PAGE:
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Pricing Opportunity Opens Up for Late-Model Combines
Call them the bellwether combines. These are the late-model and low-hour machines that establish the top price paid for machines sold at auction. Their values have a direct effect upon asking prices at dealers’ lots, as well.
I set out to track the price trend on bellwether combines, restricting my investigation to harvesters with less than 500 separator hours that have sold at auction in recent months. Find the results of my research in this Pocket Price Guide.
Before starting this quest, I figured my search would only uncover a handful of combines. That’s because, typically, late-model and low-hour combines are predominantly found on dealers’ lots. They were gold several years ago, often selling before such combines came in on a trade-in.
That changed dramatically in 2014, when used combine inventories started to swell. Dealers’ lots filled to capacity in 2015. In 2016, a growing number of businesses sought to reduce their inventories by sending some of these cherry harvesters to auction. This explains why, within one hour of beginning my price investigation, I had uncovered nearly 100 low-hour harvesters that sold recently.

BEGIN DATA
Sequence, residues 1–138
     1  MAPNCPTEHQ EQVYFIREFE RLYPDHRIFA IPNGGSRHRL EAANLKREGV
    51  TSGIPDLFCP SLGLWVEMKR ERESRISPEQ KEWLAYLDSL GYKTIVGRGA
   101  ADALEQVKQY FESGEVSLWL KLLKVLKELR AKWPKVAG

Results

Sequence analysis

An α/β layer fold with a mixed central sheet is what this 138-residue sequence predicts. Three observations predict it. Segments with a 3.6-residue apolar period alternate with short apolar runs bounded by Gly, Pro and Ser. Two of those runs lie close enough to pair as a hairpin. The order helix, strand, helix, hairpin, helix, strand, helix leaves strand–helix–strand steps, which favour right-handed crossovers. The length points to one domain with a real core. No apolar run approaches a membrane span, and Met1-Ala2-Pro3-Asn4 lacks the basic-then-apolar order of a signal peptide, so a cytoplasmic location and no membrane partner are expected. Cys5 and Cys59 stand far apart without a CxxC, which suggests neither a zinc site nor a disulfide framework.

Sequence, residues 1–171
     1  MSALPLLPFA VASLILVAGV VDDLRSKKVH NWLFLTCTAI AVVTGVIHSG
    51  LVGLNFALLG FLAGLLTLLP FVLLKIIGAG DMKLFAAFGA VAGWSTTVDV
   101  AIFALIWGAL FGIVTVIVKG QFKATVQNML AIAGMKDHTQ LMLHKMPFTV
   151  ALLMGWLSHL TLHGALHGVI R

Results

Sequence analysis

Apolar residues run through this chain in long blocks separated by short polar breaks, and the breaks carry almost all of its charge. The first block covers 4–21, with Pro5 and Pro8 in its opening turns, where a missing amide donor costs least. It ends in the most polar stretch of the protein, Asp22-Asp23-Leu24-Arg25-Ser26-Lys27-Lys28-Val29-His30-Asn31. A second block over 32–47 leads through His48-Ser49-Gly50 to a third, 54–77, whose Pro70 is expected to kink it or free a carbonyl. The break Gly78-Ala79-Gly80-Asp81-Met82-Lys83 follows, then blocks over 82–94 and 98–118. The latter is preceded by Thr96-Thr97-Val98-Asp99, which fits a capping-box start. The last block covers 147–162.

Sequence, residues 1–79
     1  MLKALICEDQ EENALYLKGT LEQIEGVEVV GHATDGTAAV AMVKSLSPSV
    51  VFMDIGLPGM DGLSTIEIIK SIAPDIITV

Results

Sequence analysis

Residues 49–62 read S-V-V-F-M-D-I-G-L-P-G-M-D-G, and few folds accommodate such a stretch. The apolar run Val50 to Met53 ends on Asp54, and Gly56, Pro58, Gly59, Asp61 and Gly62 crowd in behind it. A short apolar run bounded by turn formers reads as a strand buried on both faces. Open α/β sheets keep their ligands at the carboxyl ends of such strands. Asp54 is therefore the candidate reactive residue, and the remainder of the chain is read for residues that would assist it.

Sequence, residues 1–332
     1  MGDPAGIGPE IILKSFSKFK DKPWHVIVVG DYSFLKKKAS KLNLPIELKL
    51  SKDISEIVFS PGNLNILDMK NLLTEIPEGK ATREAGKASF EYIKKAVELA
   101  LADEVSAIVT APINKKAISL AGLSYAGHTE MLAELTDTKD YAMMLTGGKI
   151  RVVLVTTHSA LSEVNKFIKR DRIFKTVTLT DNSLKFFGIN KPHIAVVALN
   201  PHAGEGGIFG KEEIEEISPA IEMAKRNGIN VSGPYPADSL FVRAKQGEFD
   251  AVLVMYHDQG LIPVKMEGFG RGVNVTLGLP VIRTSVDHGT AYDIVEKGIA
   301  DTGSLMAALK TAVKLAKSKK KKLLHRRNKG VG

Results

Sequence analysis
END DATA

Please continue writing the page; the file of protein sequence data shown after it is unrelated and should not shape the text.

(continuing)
late-summer sell-off in the works
This alerted me to the possibility that the industry was still sitting on a large inventory of used combines. So I visited John Deere’s machinefinder.com, an online dealer listing of machinery available for sale. A quick search revealed 6,461 combines of all ages listed.
Confirming my point that dealers prefer to hold onto late-model combines to stock their used lots, I found that 3,516 of the combines listed were S series machines built since 2012. Many of these were refurbished and were being sold with extended warranties under Deere’s Certified Pre-Owned equipment program.
This offers additional proof that the industry is still coping with large inventories of used harvesters. Of course, this is good news for buyers looking to expand harvest capacity or to upgrade combines.
Lack of new combine sales (the industry only built 5,381 combines in 2015!) and large numbers of used machines should inspire dealers to lower asking prices in an effort to cut used inventories. That effort will include more dealers sending harvesters to auction yet this month.